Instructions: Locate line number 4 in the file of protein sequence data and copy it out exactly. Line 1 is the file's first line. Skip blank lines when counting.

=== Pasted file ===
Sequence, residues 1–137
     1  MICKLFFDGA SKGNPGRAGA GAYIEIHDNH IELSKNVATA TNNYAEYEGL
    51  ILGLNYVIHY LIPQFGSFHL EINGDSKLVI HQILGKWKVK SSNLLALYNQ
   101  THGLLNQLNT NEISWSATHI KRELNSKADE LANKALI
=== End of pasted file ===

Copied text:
   101  THGLLNQLNT NEISWSATHI KRELNSKADE LANKALI